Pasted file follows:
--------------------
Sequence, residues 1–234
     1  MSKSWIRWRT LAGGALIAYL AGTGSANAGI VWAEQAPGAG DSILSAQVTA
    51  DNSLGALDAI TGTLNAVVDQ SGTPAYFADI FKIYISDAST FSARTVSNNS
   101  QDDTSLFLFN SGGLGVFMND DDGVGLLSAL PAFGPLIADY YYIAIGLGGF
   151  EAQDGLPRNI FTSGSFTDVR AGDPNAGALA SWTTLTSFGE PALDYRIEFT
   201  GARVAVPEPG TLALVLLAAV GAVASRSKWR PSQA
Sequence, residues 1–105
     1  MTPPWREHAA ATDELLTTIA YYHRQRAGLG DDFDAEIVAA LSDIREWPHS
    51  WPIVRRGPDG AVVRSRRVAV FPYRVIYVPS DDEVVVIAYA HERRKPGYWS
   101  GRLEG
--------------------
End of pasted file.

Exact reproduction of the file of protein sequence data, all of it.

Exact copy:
Sequence, residues 1–234
     1  MSKSWIRWRT LAGGALIAYL AGTGSANAGI VWAEQAPGAG DSILSAQVTA
    51  DNSLGALDAI TGTLNAVVDQ SGTPAYFADI FKIYISDAST FSARTVSNNS
   101  QDDTSLFLFN SGGLGVFMND DDGVGLLSAL PAFGPLIADY YYIAIGLGGF
   151  EAQDGLPRNI FTSGSFTDVR AGDPNAGALA SWTTLTSFGE PALDYRIEFT
   201  GARVAVPEPG TLALVLLAAV GAVASRSKWR PSQA
Sequence, residues 1–105
     1  MTPPWREHAA ATDELLTTIA YYHRQRAGLG DDFDAEIVAA LSDIREWPHS
    51  WPIVRRGPDG AVVRSRRVAV FPYRVIYVPS DDEVVVIAYA HERRKPGYWS
   101  GRLEG